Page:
The Egyptian and Kemetic reconstructionist paths are the easiest to learn about and the hardest to follow. Unlike the previous paths mentioned, these two paths have written documents describing rituals, spells, and beliefs to follow. Every path can have a personal aspect to it; oral traditions are just easier to tailor than written ones. Wiccans can follow an Egyptian pantheon and usually have no problems blending the two faiths together. Traditional Kemetics, however, do not consider themselves Wiccan.
The biggest difference between Kemeticism and Wicca is that the latter must cast a circle to create sacred space. Kemetic followers have an area in their house or on the land that is already dedicated to be sacred. A Kemetic ritual will give offerings of water, fire, and/or incense to the God/dess and all offerings must be consumed by the close of the ritual. Food offerings are not left out for fairies or wildlife like you would find in Wiccan traditions. The deity “eats” the spiritual layer of the offering while the participants consume the rest in what is considered a shared meal.
Another difference between the two paths is the concept of God and Goddess. Wiccans honor both deities and some Kemetics do as well. The Egyptian faith is actually more monotheistic than most people realize. There is one God (Source) and all other God/desses are either representations of things in the world or are names for different aspects of God. An example would be the Goddess Hathor. She is considered the daughter of Ra (the one God) and at the same time she is Sekhmet, the lioness Ra sends to punish mankind for falling away from their faith. As Hathor she is the loving, motherly aspect of Ra and as Sekhmet she is the destructive, warrior aspect. But, in both forms, she came from Ra and is part of him. Confusing, isn’t it?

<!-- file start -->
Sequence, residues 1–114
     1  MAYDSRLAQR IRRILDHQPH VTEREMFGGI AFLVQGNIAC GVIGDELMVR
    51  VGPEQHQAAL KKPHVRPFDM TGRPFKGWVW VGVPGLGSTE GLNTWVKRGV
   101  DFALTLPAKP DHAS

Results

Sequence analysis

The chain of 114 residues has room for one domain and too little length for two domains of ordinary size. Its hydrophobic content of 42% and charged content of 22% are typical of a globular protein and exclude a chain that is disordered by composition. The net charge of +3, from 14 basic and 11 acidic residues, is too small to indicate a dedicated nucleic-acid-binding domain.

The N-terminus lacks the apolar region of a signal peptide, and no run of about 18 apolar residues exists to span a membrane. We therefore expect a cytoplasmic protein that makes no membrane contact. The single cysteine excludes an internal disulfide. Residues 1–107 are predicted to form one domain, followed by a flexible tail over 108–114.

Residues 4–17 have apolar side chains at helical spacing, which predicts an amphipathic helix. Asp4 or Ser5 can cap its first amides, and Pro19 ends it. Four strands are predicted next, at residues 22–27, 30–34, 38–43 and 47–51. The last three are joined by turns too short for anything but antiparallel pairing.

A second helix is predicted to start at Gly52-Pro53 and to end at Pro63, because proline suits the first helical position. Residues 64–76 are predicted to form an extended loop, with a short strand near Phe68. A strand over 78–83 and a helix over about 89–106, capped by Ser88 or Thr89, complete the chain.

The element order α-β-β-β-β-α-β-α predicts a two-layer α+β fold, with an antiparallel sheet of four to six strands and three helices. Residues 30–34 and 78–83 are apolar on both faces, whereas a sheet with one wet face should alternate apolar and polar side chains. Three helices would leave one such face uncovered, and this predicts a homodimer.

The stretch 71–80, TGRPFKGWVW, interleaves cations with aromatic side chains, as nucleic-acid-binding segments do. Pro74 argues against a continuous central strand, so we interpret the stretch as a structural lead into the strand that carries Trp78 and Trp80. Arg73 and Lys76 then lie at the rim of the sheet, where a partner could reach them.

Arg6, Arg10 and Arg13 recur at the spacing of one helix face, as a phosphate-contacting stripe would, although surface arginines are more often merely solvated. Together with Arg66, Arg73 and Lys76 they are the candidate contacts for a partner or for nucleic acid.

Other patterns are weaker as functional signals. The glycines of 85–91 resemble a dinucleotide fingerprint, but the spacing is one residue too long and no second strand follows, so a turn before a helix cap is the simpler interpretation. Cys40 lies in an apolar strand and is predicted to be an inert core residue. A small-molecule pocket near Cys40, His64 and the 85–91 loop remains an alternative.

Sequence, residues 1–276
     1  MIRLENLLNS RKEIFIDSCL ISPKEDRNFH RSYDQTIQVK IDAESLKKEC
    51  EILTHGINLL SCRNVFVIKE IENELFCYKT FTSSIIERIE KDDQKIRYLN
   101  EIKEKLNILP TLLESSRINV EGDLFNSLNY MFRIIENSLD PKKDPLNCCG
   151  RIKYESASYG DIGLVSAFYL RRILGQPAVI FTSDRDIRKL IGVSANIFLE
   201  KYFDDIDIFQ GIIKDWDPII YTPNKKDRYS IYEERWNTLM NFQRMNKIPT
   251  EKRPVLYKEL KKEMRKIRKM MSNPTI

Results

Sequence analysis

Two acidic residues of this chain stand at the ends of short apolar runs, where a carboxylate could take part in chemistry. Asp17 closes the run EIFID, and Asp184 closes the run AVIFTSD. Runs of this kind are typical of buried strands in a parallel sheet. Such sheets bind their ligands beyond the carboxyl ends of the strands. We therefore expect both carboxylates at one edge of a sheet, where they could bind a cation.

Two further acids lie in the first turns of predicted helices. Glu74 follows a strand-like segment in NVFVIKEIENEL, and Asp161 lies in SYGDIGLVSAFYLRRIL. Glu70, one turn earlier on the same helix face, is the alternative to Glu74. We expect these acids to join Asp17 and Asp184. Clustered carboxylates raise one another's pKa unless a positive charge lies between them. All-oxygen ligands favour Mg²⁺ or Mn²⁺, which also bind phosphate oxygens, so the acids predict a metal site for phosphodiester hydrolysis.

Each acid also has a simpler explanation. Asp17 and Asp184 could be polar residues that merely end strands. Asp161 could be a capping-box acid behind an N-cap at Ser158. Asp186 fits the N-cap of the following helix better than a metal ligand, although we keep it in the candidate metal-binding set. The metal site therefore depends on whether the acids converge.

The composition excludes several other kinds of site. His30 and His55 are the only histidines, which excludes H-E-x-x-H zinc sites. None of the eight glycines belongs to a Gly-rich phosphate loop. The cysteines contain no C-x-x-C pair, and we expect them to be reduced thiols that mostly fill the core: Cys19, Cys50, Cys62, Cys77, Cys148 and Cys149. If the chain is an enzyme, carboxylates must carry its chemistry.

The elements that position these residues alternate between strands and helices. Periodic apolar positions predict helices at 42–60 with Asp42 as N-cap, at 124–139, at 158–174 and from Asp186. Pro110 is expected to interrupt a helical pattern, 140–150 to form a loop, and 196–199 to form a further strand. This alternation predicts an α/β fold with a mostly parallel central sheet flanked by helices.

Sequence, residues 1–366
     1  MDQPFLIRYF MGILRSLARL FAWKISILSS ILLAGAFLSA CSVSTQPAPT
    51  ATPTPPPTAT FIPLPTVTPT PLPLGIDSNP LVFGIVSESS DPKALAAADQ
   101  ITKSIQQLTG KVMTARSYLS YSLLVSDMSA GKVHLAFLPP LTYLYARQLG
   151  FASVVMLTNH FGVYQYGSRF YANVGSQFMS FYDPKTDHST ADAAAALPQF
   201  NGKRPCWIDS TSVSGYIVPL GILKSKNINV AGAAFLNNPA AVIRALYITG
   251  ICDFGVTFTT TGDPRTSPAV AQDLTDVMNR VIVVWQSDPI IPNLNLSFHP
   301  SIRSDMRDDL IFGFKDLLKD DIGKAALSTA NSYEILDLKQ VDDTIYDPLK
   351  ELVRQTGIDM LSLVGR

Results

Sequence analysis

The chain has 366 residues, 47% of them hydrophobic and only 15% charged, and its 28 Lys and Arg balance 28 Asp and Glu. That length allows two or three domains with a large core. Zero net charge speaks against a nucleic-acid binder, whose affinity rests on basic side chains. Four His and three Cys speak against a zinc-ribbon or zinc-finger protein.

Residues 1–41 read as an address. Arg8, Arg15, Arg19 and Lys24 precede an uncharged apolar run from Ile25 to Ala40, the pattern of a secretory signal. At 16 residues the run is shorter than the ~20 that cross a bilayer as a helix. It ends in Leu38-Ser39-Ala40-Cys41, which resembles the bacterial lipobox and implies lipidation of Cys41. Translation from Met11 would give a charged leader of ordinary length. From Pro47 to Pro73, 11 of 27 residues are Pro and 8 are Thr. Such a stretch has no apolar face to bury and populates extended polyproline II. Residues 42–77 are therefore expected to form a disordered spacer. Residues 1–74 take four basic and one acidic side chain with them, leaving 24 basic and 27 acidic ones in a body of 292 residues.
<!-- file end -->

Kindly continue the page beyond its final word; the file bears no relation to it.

Whether you believe in one God with many parts or many God/desses, the central theme to Egyptian and Kemetic teachings is the concept of ma’at, which (roughly) means justice or divine order. The Goddess Ma’at is the overseer of divine order and it is against her feather your heart will be weighed at death. If your heart is as light, or lighter, than her feather you led a just and good life and can continue on to the afterlife. Ma’at (the concept not the Goddess) can be heard in each person’s heart and will help you lead a balanced life. Having a balanced life means acting in accordance with the perfect universe, the universe as it was when created.
Kemetics follow a different calendar than Wiccans because of location of ancient Egyptians in the southern hemisphere. There are several books that were created to match Wiccan solar holidays with the Egyptian equivalent, such as An Egyptian Book of Shadows by Jocelyn Almond. While on the topic of books, two other good resources for learning about Egyptian faith are: Egyptian Paganism For Beginners by Jocelyn Almond and Circle of Isis by Ellen Cannon Reed. Jocelyn Almond is a Priestess-Hierophant for the Fellowship of Isis and runs her own degree programs.
Located in Phoenix, and run online, is the Isis Moon Temple who dedicate their time to teaching students Kemetic practices (they do not refer to themselves as Kemetic), priesthood/seminary, and tarot all in the Egyptian faith. The Isis Moon Temple also offers witchcraft training, which is similar to Egyptian Wicca. A large amount of information is available through their website without having to become a member.